CANADA FX DEBT-C$ strengthens as inflation higher than expected

Fri Mar 21, 2014 4:31pm EDT

* Canadian dollar at C$1.1210 or 89.21 U.S. cents
    * Bond prices mostly higher across the maturity curve

 (Adds details, quotes, updates prices)
    By Leah Schnurr
    TORONTO, March 21 (Reuters) - The Canadian dollar got a
reprieve from recent heavy selling and firmed against the
greenback on Friday after data showed that inflation was higher
than expected last month, while retail sales rebounded in
January.
    Although the annualized inflation rate slowed to 1.1 percent
in February from 1.5 percent the previous month, it beat
expectations for a 0.9 percent rise in consumer prices.
    The loonie touched a session high shortly after the data was
released as the market saw the number as relieving pressure on
the Bank of Canada to cut interest rates. The bank has signaled
concern about the weak inflation environment. 
    "Inflation is still low, but at least we've moved into the
(central bank's) target range, so that will probably ease some
of that discussions of the need for the Bank of Canada to maybe
introduce some rate cuts, and with that it should provide a bit
of support for the Canadian dollar," said Paul Ferley, assistant
chief economist at Royal Bank of Canada in Toronto.
    Economists had anticipated that a jump in prices in February
of last year would skew the yearly comparison. Bank of Canada
Governor Stephen Poloz said earlier in the week that he expected
lower February inflation because of that base effect.
 
    The Canadian dollar was hit hard earlier in the week by
comments by Poloz that were more dovish than expected. The
comments, in which Poloz left the door open to a potential cut
in interest rates, and uncertainty about when the United States
might raise rates, helped take the loonie to a 4-1/2 year low on
Thursday.
    "Even though on balance the data released today didn't
change the overall story and the medium- and longer-term picture
for the Canadian dollar, what it does do is ease some of the
selling pressure we've seen the last couple of days with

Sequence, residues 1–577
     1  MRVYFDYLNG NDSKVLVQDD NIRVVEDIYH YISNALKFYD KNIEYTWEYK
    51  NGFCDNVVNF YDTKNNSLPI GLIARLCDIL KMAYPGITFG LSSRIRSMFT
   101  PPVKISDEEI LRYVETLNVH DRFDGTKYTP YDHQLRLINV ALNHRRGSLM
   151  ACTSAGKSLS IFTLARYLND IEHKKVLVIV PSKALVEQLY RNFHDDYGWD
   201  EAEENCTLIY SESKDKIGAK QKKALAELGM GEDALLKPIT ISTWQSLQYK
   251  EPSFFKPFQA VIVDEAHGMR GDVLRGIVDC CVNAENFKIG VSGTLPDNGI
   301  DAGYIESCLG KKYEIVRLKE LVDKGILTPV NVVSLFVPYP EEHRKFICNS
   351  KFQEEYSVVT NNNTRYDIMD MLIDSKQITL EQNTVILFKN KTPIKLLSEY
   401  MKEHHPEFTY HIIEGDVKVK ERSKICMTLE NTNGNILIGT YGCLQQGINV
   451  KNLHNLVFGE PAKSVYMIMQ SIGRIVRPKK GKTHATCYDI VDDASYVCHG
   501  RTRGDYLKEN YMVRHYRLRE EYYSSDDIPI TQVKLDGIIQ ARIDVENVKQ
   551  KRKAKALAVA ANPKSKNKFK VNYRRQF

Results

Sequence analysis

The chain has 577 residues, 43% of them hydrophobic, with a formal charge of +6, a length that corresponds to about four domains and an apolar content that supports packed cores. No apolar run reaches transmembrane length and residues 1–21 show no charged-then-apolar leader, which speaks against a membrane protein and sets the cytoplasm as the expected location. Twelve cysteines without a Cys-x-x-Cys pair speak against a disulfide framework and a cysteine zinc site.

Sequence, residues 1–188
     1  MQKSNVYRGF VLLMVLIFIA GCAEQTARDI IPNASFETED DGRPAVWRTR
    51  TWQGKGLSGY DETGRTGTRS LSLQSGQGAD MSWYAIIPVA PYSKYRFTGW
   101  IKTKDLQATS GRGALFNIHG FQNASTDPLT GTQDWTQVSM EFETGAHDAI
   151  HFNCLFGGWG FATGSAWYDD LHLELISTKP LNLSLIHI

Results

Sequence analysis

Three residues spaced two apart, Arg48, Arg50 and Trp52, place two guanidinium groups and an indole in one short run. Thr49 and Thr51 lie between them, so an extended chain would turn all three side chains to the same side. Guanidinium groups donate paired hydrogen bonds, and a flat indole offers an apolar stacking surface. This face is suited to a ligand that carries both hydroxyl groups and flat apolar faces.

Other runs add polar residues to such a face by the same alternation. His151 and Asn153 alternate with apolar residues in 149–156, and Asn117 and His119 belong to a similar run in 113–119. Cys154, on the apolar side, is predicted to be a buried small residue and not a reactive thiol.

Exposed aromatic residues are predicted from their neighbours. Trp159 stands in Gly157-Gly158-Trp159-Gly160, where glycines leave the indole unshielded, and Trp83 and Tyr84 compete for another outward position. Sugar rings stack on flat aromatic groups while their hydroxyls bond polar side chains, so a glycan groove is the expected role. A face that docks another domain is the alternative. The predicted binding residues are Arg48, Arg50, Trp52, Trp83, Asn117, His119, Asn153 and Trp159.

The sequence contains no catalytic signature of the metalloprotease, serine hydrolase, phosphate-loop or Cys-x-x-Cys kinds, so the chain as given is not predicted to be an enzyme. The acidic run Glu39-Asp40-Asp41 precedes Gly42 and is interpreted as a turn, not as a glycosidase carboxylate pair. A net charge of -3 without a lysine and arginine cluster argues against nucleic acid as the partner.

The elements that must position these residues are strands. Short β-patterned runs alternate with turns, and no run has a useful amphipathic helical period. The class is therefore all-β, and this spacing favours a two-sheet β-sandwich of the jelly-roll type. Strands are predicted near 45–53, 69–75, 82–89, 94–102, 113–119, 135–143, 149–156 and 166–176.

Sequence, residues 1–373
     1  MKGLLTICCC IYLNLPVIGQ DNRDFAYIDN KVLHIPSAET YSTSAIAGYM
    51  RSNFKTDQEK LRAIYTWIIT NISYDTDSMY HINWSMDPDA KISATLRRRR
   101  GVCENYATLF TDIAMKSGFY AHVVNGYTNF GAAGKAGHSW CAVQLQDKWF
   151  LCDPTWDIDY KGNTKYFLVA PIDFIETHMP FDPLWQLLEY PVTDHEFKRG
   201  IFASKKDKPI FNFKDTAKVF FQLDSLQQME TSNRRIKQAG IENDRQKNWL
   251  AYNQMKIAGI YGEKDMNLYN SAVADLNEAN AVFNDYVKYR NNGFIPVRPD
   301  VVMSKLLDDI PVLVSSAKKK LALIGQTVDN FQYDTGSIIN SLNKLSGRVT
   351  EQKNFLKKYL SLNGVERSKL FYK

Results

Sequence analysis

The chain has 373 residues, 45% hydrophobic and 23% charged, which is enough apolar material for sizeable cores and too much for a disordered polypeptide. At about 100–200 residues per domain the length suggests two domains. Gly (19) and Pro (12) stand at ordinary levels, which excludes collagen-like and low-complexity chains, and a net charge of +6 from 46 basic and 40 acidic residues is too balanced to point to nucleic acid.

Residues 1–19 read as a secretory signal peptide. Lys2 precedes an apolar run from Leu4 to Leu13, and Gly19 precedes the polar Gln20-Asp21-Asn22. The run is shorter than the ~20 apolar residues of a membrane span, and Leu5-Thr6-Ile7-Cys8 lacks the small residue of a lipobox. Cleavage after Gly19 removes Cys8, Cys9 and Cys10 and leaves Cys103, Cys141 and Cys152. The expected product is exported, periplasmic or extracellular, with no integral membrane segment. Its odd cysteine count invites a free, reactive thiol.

sentiment turning so bearish," said Scott Smith, senior market
analyst at Cambridge Mercantile Group in Calgary.
    "The overall story is we're still in a depressed
inflationary environment," Smith said.
    The currency also got a boost from a strong increase in
retail sales in January as the economy shook off some of the
weather-related effects that had depressed activity in December.
    The Canadian dollar ended the North American
session at C$1.1210 to the greenback, or 89.21 U.S. cents,
stronger than Thursday's close of C$1.1242, or 88.95 U.S. cents.
The loonie touched a session high of C$1.1174.
    For the week, the U.S. dollar appreciated by 1 percent
against the loonie. This week's drop took the Canadian dollar
below the key C$1.12 area for the first time since late January.
    "If we attack the C$1.1270 area, that will be the first
level of resistance," Smith said. "If we can break that, there's
a lot of room to run. If we vault C$1.13, we could potentially
be in C$1.14 pretty fast."
    Investors also took in comments from a number of U.S.
Federal Reserve policymakers on Friday, two days after Fed Chair
Janet Yellen surprised markets by signaling a potentially faster
timetable for raising rates than had been anticipated. 
    St Louis Federal Reserve President James Bullard said Yellen
was likely just repeating the views of private analysts and
investors when she said the central bank could raise interest
rates six months after ending a bond-buying program.
 
    Earlier on Friday, Minneapolis Federal Reserve Bank
President Narayana Kocherlakota said the Fed should have
promised to keep rates near zero until U.S. unemployment falls
below 5.5 percent as long as inflation and financial stability
risks are contained. 
    Kocherlakota was the sole dissenter to the Fed's policy
decision this week, which dropped its promise to keep rates at
ultra-low levels until the unemployment rate falls to at least
6.5 percent. 
    Canadian government bond prices were mostly higher across
the maturity curve, though the two-year was off half
a Canadian cent to yield 1.075 percent. The benchmark 10-year
 was up 14 Canadian cents to yield 2.485 percent.

 (Additional reporting by Allison Martell; Editing by Peter
Galloway)
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